Craig Green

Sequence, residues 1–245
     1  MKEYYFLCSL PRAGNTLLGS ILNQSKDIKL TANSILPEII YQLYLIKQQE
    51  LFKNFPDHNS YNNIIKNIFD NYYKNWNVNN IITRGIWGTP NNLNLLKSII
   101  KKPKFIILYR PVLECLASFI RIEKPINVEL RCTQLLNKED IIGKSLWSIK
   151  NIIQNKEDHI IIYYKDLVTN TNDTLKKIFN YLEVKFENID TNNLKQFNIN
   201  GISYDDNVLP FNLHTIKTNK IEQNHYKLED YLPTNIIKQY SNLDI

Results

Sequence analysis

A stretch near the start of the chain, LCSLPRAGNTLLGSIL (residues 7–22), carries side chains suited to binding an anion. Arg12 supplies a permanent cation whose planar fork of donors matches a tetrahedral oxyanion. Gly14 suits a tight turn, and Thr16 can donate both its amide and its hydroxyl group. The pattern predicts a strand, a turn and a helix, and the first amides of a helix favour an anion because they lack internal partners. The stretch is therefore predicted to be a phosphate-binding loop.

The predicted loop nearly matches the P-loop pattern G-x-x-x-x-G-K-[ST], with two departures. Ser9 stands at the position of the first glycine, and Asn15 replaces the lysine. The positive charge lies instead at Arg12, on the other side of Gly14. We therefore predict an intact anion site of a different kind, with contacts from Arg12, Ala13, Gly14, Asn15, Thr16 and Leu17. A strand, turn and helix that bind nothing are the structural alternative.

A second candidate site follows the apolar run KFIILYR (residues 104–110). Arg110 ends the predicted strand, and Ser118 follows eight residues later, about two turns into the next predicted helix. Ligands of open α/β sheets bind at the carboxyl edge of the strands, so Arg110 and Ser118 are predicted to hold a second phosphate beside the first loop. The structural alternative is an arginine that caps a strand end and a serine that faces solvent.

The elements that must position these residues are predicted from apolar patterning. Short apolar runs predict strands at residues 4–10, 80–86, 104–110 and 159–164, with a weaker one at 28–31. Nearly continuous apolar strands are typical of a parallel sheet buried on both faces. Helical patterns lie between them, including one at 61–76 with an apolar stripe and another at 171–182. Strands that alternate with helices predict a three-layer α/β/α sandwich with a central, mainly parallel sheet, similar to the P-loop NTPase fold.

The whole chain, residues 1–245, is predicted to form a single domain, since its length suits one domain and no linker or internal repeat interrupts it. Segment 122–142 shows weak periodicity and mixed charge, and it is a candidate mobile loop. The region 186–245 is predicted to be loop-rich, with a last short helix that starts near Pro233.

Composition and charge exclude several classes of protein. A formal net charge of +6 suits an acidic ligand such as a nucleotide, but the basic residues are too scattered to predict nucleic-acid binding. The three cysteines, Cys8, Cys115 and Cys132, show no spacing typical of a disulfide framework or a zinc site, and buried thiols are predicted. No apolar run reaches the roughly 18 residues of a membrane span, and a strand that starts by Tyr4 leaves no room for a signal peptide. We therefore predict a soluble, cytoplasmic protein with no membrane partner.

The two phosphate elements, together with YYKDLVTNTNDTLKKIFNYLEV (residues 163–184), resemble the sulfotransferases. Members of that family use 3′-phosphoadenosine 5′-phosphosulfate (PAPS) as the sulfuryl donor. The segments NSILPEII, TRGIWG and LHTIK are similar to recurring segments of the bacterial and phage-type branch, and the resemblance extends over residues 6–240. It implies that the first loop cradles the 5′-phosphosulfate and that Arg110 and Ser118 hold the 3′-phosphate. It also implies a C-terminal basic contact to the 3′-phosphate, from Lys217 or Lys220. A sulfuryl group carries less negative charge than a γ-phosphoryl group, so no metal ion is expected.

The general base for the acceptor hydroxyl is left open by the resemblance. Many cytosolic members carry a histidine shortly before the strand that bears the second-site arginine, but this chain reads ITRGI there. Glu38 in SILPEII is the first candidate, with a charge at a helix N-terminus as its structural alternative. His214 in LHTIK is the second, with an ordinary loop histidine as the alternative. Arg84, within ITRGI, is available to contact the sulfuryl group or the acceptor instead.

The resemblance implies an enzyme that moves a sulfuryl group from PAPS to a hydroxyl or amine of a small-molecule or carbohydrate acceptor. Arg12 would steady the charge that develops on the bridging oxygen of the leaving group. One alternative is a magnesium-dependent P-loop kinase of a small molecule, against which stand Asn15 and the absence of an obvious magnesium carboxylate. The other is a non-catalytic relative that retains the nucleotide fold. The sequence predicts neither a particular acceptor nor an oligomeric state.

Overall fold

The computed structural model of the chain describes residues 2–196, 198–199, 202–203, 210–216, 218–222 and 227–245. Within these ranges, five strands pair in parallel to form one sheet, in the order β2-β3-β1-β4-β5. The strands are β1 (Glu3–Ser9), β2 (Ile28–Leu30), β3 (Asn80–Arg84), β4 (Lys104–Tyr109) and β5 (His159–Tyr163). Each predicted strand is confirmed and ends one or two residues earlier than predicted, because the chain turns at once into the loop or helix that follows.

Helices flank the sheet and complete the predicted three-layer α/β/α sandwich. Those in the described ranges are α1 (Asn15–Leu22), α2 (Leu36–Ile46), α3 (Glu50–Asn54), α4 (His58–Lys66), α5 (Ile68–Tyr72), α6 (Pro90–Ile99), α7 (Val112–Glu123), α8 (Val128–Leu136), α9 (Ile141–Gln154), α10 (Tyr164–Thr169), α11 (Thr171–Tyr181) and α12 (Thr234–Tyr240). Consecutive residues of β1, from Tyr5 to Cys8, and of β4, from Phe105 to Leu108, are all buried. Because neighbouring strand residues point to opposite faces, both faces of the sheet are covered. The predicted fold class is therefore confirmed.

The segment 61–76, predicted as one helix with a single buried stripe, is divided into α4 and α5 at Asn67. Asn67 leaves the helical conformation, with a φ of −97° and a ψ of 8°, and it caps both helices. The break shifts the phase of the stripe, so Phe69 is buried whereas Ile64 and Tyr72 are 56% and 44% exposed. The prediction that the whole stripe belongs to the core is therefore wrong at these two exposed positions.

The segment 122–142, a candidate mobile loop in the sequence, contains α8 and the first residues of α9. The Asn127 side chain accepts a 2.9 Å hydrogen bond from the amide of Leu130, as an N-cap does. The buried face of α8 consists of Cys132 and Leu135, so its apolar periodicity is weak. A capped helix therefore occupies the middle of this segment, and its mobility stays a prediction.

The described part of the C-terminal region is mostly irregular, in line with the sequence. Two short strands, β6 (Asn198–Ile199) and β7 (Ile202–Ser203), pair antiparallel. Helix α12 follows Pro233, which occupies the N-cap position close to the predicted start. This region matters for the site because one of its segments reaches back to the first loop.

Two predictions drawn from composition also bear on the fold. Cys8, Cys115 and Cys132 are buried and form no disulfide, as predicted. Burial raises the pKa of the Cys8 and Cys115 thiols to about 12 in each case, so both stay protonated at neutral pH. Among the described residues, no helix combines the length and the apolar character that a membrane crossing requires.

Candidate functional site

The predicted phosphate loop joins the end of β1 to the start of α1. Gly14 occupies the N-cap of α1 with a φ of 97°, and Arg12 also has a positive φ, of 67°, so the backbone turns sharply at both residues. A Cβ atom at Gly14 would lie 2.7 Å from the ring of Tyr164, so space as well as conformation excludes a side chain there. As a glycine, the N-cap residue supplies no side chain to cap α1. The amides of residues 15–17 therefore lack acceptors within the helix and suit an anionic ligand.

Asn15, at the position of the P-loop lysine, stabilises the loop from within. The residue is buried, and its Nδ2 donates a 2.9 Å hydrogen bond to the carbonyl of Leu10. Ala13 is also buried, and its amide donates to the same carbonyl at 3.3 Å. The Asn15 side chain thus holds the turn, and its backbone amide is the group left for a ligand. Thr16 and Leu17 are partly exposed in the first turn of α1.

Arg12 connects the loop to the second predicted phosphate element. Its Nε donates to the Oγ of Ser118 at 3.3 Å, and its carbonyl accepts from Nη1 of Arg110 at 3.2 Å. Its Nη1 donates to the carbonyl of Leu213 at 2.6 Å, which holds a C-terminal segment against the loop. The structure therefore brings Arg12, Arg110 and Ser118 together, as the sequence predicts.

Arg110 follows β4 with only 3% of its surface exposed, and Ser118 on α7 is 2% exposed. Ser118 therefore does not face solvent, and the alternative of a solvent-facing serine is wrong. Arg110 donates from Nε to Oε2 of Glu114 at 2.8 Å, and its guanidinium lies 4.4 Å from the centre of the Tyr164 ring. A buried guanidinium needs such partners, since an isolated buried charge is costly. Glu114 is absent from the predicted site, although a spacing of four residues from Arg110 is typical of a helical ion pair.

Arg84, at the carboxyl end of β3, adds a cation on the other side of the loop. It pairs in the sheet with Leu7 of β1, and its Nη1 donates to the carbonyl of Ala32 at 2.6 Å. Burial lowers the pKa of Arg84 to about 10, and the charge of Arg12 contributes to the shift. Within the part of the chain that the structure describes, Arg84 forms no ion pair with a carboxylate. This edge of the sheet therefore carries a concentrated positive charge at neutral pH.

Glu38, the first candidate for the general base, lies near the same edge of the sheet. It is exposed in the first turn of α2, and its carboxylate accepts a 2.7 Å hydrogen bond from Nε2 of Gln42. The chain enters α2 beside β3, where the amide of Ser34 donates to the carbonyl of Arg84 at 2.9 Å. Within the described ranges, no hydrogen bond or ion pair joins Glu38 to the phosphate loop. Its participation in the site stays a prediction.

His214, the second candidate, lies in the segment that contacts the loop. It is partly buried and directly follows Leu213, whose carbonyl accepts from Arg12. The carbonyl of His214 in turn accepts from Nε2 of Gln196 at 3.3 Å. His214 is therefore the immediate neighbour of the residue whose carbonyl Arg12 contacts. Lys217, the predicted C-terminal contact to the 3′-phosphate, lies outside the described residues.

Erie's meaning has changed many times during its eighty-year history, and this essay provides a brief intellectual history about those serial transformations. Most modern lawyers have completely forgotten the radicalism of Erie's constitutional reasoning in 1938. The legal process school defanged Erie's original meaning, even as scholars simultaneously redefined the term "constitutional" itself. Erie's cultural significance dropped as the legal process school faded. But it has resurfaced among twenty-first-century conservatives as a pillar of federalism (the "old myth") as well as separation of powers (the "new myth"). Especially given Erie's profound reputation as an iconic precedent, the legal community must not forget how the case has been repeatedly redefined. The decision's twisted intellectual journey is not only an important introduction to twentieth-century legal thought. It is also a warning about widespread inattention to precedential interpretation, as compared with legal interpretation of statutes or constitutions.